Are We Engaged?

2948613096_6bdd7231d0I’m one of the lucky ones.  I get to test a new iPad for our school district for some time this year.  In thinking about areas I’d like to really use the iPad, I know I can really use it during walkthroughs – combined with Google doc forms. Yep, I want to try that.  When I visit with the teachers after walkthroughs, I find it interesting that the conversation teachers want to explain (or defend) most is that of student engagement – but only when there is a lack of it.

When a teacher starts down this conversational path, I know it is a teaching moment for me as a leader, and the conversation will be guiding the teacher into reflecting on what he or she was doing during that time where the students were not engaged.  I have decided to include the teacher engagement process on my Google doc.  How should I include that?  If you are a teacher reading this, what would you want me to ask you?  What data would I collect? How would you want to know if you are engaged with your students?  Building principals, what do you use to measure whether or not a teacher is engaged?  Suggest anything.  Suggest everything.  The list of what not to include is often as helpful and what should be there.

I know it’s hard to believe, but I still find teachers sitting at their desks working with students asleep at their own desks in the middle of a class period. I don’t mean one teacher on a rare occasion, I mean the same teacher over and over.  Even if this happened at the end of a class period, we know we are supposed to respond to that.  If you share ideas with me, in one month, I promise to share the Google doc form we create with our collective thoughts right here with all of you.  And I will test it.  Promise.

Photos:  Engagement Ring by Sammy Hancock on Flickr.
All photos from Flickr: Creative Commons-licensed content for noncommercial use requiring attribution and share alike distribution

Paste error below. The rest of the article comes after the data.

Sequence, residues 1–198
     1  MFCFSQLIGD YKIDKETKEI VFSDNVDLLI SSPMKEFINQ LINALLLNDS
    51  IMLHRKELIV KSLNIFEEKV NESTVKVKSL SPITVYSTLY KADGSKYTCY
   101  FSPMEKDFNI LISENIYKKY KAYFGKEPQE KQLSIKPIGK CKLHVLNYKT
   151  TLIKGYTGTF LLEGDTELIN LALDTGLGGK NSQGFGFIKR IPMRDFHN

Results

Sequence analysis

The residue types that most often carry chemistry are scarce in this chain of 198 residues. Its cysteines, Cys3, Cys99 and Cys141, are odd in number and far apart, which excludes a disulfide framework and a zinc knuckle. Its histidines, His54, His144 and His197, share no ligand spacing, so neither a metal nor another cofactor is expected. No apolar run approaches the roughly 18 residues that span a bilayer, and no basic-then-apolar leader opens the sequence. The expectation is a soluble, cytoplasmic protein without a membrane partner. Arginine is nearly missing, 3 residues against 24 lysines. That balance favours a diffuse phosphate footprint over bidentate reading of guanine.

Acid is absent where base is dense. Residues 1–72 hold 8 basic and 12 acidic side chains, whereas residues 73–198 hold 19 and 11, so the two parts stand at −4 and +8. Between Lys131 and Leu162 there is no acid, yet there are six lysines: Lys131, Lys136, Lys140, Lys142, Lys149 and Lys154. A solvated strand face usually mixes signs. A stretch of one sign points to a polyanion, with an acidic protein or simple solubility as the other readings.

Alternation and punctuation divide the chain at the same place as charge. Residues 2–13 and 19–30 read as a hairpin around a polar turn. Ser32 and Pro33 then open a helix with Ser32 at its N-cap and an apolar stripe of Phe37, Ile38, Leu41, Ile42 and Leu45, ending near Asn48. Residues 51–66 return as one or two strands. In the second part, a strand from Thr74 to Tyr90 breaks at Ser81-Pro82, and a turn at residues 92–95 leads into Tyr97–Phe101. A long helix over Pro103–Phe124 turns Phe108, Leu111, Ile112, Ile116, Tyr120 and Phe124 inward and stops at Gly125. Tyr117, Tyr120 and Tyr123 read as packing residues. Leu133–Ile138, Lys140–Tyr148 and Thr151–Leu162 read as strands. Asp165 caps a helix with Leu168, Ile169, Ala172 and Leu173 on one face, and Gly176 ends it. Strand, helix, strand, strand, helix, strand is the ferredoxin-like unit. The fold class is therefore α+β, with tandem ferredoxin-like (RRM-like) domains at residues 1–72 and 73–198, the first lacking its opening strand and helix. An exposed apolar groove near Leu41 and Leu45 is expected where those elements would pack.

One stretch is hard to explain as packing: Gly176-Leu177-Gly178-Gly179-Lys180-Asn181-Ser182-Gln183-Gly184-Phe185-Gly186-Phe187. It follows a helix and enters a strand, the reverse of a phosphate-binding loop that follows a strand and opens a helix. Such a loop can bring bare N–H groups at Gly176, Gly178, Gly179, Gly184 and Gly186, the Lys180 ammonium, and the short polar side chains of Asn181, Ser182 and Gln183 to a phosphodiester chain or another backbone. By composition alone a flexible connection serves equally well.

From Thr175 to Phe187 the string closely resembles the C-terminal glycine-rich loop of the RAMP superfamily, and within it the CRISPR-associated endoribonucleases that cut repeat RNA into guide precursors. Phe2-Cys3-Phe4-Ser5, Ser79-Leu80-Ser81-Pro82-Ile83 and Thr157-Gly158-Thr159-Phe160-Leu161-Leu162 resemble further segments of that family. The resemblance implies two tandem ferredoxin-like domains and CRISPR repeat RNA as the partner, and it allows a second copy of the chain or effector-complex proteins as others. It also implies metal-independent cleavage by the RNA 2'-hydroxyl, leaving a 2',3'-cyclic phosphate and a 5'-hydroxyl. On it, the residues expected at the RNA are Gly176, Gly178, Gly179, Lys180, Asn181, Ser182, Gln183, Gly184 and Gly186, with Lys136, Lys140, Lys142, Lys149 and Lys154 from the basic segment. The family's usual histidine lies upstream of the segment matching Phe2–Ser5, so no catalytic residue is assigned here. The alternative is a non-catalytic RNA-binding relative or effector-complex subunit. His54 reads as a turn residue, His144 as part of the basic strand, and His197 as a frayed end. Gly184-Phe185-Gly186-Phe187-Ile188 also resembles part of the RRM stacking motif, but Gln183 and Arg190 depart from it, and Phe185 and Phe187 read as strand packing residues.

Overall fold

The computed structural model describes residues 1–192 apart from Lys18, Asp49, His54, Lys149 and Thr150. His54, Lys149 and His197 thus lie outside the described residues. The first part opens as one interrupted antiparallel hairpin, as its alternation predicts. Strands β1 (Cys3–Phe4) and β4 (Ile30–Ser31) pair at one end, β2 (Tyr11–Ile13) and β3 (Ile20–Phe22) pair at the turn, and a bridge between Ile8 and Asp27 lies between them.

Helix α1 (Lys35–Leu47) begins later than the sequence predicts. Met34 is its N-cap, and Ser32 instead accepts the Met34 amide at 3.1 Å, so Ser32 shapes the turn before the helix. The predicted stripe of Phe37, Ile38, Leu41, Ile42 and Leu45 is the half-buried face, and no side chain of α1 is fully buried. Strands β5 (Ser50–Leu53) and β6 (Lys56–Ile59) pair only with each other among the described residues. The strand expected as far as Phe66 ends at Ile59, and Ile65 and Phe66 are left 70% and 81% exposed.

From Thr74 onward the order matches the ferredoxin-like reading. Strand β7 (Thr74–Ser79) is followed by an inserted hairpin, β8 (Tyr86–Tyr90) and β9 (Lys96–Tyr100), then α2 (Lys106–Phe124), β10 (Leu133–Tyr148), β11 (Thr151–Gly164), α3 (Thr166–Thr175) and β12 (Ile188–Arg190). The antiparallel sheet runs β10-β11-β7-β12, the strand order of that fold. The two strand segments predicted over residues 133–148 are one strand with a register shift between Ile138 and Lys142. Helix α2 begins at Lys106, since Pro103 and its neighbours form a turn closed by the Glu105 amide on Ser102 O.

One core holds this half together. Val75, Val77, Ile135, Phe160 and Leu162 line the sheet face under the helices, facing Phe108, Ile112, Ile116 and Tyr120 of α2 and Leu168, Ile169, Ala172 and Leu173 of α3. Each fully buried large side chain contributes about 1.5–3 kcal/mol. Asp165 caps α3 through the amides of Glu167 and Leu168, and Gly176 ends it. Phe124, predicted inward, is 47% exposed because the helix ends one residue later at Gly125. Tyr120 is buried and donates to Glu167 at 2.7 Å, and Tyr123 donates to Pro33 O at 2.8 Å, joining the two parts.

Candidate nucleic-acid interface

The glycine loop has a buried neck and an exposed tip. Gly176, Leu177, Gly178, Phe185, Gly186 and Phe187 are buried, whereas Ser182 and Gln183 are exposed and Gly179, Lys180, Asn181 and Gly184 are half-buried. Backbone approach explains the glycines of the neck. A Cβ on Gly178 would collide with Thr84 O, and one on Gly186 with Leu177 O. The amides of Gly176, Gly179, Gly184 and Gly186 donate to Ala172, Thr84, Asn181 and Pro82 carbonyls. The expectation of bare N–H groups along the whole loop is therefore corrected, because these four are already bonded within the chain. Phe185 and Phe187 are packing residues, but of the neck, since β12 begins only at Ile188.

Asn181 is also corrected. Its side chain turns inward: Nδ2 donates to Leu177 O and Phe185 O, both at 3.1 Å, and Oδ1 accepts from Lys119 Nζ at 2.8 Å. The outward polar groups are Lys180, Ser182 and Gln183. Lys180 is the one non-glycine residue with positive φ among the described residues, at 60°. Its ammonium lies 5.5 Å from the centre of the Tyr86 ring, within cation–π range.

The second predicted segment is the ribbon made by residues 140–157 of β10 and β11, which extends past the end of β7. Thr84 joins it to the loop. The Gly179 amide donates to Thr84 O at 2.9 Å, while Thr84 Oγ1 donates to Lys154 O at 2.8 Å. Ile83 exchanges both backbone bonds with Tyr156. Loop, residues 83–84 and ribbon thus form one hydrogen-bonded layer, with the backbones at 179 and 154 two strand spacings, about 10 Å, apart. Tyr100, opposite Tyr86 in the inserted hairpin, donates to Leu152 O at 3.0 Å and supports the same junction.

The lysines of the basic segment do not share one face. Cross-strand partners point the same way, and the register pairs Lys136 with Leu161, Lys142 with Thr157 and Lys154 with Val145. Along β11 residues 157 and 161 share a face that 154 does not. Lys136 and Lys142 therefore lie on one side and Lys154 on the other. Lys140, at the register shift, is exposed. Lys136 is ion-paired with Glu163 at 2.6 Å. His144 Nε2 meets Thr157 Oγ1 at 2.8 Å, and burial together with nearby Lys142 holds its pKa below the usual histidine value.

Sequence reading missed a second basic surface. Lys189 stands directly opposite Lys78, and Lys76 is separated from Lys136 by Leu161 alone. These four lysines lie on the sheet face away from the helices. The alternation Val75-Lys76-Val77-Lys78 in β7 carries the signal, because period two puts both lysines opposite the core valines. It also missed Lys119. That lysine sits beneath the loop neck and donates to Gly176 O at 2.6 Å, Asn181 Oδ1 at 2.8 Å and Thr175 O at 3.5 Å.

5 thoughts on “Are We Engaged?

  1. First, I’d like to give a suggestion on how you might use the iPad. I am a special ed. teacher and a tech. enthusiast who is dying to get my hands on an iPad to see what students with special needs can do with it. Can you try to collaborate with your special ed. teachers to see if you can “engage” your learners with special needs with the iPad? What types of Text to Speech options does it have? Perhaps use it with a student who has limited mobility and does not operate the mouse on a desktop computer? Just ideas…

    Second, I am always concerned that my principal believes my students with autism are not actively engaged and often remind him that although they are not actively making eye contact with me, they are still learning… 🙂

    One way I believe good teachers keep students actively engaged is by accessing multiple modalities. On your assessment form, you might note how many learning styles, multiple intelligences, or modalities (or senses) the teacher is accessing with his/her lesson.

    Also, you might make note of how often the “setting” is changed. For example, in elementary school, we often change areas of the classroom from the carpet area to the tables to the SMARTboard area, etc. In high school, you might take note of the amount of movement provided to students during the course of the lesson as well. This movement could occur by students moving their bodies just to focus on a teacher who is actively moving around the classroom or by moving into collaborative groups, etc.

    Just ideas from a special ed. teacher in Ohio. 🙂

  2. Thanks Morgan! I like the idea of “accessing multiple modalities.” Great idea. I will definitely include movement, groupings, and teacher activity. You are confirming exactly what I had hoped teachers would want me to look for. Look for you ideas in my form when I post it! ~j

  3. Chart patterns with these four categories: wandering, watching, working, learning. Wanderers are many students off task, watchers are passive learning watching the teacher work, workers, are completing tasks most often independently, and learners are demonstrating their knowledge with either peers or teachers. While you do not get a true snapshot with one visit, patterns should easily develop both in a classroom and within a school.

    Love the blog! As a fellow admin. and recent blogger, I have enjoyed your transparency.

  4. Thanks John! I like the categories! Keeps the observation chart simple and allows feedback to be direct to the action of both. I also think it will be any easier way to process the data on a Google doc. I realize that’s not necessarily something critical for the observation in and of itself, but it’s certainly something that makes the ease of use AND shelf life of the tool very valuable. I look forward to learning from you.

  5. Pingback: Ready? Engage. | Ancora Imparo

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